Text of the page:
Background Info:

  • Member of the buckwheat family
  • Vegetable that is rarely eaten raw
  • Leaves are inedible but beautiful in flower gardens

Health Benefits:

  • Low calorie
  • Low sodium
  • Low fat

Nutrition Information (1 cup):

  • Calories: 26
  • Calcium: 105 mg
  • Fiber: 2 grams
  • Vitamin K: 36 mcg


  • Field-grown
    • Extra-juice & tender with a robust taste & bold acidity
    • Deep cherry-red
  • Hothouse-grown
    • Slightly milder with smoother flesh
    • Light pink to pale red, often speckled with green


  • Field-grown is available March through October, peaking between April & June
  • Hothouse-grown is available through December through March
  • Purchase frozen year round in the grocery store


  • Perennial plant
  • Grows from crowns or seeds
  • Can flourish for a decade
  • Give full sun
  • Needs plenty of water & well-drained soil
  • Can thrive in otherwise neglected areas of cooler climates


  • Select plump, firm, and unblemished stalks
  • Look for crisp stalks like celery
  • Green stalk are generally coarse and extra-tart
  • Pink & red types have a milder flavor


  • For use within the week:
    • Wrap unwashed stalks in a damp, clean kitchen towel to prevent from drying out
    • Keep in the refrigerator crisper for up to 5 days
  • For use within the year:
    • Rinse thoroughly and cut into 1 inch pieces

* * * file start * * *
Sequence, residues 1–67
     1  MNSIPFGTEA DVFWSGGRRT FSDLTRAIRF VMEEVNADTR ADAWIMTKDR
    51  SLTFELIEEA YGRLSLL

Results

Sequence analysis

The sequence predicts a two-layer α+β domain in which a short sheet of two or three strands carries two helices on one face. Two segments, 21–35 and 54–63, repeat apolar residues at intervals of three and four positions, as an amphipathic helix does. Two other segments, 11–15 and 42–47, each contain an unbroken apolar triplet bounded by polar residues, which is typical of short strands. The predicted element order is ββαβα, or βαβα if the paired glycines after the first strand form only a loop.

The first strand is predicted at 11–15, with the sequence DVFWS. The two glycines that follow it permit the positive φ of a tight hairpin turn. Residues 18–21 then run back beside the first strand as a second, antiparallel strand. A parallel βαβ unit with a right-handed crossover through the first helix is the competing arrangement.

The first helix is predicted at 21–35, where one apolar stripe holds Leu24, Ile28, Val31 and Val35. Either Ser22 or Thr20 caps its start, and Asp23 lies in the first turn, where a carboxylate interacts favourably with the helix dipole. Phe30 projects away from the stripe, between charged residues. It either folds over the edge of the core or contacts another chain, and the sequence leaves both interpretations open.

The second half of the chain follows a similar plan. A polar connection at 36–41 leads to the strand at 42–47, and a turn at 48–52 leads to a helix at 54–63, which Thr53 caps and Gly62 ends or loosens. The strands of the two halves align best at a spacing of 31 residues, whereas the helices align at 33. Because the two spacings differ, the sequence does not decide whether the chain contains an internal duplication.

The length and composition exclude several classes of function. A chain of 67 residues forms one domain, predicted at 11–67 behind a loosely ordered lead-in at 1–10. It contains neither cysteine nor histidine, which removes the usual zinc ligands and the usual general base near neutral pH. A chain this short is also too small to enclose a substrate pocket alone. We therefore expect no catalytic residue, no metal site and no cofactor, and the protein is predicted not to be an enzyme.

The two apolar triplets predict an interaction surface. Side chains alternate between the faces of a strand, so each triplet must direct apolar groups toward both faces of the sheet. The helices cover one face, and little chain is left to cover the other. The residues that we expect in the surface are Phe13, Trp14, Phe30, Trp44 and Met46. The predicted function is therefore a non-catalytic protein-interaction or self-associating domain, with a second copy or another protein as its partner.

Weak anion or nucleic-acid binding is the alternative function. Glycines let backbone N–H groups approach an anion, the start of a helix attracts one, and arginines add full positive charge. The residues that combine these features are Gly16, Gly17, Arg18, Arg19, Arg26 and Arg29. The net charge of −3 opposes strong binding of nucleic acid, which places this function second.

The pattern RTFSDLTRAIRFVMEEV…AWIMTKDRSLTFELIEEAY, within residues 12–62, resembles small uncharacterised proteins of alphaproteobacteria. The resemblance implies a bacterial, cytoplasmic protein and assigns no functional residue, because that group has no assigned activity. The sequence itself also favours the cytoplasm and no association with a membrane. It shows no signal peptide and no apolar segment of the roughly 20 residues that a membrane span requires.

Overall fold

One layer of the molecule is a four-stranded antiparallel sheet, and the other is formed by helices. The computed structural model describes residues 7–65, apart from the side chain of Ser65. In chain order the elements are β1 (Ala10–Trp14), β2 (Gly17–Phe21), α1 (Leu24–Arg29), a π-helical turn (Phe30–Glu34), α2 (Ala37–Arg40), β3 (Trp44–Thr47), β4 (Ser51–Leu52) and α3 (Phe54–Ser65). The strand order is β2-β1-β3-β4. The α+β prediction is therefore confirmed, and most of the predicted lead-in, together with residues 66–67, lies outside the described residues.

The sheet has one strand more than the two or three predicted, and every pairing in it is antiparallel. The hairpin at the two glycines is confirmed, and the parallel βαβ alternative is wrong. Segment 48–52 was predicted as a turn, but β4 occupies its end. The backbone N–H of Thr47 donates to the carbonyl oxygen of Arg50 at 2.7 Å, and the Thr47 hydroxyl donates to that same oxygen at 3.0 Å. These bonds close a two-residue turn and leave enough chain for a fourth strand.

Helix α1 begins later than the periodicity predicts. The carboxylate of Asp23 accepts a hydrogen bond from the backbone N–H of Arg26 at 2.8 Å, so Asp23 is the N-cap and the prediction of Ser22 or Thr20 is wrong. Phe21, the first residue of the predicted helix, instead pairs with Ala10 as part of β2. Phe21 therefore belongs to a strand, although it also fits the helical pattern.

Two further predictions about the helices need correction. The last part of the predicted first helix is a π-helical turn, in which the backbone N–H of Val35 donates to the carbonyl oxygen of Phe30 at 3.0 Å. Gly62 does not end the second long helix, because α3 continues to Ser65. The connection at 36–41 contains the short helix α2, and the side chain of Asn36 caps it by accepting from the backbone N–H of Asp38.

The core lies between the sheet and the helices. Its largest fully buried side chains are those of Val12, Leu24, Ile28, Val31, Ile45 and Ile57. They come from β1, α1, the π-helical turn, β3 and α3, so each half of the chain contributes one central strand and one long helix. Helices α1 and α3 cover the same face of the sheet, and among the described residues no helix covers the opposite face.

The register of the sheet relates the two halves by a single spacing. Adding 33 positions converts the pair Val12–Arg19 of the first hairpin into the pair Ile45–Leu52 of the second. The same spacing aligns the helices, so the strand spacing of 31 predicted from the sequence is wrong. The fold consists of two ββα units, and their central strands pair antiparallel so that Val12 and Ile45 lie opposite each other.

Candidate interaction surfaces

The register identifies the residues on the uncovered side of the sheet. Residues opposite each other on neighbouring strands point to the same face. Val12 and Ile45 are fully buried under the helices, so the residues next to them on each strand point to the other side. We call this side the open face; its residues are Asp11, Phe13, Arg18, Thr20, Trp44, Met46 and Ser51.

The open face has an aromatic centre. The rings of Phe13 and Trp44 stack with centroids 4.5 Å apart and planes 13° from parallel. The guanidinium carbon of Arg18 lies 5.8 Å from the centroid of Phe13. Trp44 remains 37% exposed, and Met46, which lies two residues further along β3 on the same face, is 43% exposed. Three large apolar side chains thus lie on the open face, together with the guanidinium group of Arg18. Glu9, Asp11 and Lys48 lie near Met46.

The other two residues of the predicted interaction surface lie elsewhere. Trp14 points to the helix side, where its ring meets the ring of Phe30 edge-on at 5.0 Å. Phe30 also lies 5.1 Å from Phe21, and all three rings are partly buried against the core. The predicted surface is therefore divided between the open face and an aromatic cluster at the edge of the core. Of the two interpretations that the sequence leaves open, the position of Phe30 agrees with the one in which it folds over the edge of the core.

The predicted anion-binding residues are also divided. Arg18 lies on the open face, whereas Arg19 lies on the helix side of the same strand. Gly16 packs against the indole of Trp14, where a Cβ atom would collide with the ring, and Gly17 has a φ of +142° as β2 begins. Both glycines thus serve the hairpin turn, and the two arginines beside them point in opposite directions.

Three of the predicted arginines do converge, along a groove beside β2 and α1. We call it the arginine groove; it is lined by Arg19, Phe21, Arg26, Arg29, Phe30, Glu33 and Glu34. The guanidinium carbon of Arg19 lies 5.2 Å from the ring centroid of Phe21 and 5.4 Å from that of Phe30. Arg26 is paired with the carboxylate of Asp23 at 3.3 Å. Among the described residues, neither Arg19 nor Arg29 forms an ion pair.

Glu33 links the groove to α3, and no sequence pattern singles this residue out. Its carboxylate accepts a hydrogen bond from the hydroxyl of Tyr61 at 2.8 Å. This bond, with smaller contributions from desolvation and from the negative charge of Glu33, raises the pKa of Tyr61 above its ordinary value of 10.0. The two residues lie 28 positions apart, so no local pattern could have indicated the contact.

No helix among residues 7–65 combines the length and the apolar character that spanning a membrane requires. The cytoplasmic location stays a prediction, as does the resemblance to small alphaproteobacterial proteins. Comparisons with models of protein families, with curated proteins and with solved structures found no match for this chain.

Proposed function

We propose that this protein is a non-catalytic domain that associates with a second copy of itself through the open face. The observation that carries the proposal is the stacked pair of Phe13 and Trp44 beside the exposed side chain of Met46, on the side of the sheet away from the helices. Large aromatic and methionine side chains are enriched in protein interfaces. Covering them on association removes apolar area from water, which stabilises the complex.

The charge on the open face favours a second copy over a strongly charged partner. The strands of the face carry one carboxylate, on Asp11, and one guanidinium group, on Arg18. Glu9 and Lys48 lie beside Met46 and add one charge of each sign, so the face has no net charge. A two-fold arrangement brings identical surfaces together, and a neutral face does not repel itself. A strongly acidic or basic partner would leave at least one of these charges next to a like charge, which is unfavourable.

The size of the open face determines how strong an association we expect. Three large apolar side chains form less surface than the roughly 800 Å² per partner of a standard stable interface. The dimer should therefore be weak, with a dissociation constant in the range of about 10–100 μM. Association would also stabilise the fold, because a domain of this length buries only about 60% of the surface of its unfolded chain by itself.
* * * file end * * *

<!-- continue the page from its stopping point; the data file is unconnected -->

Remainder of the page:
• Freeze 10-12 months


  • Just before using, chop off & discard the inedible leaves
  • Rinse the stalks beneath cold running water, you may need a brush
  • There may be fibrous skin to be removed
  • Chop entire stalk according to what you’re making
    • Slow-simmering recipes likes jam: 3″ chunks
    • Faster cooking sauce: finer dice
    • Dice fresh or frozen rhubarb to add to batters


  • Often used in pies or as a jam
    • Add as a topping to yogurt or ice cream
  • Add diced rhubarb to pancakes, muffins, or cake batters
  • Combine with ginger, vanilla, lemon, oranges, peaches, or berries to bring out the flavor
  • Can also add color and meaty texture to savory dishes
    • Add to meat or fish as a chutney
  • Use nonreactive pans
    • If cooked in iron, aluminum, or copper cookware, this high-acid plant will darken the pan & turn the rhubarb an unappetizing brown



“Rhubarb.” Shape Magazine. May 2014. 115.

“Red-hot rhubarb.” Weight Watchers. May/June 2014. 74.

Ramdene, Hali. “Rhubarb.” Better Homes and Gardens. May 2014. 124-135

Gay, Cindy. (2017, February 27). “Rhubarb: This Snappy Spring Vegetable is Not Just for Pies”. Retrieved from https://foodandnutrition.org/march-april-2017/rhubarb-snappy-spring-vegetable-not-just-pies/


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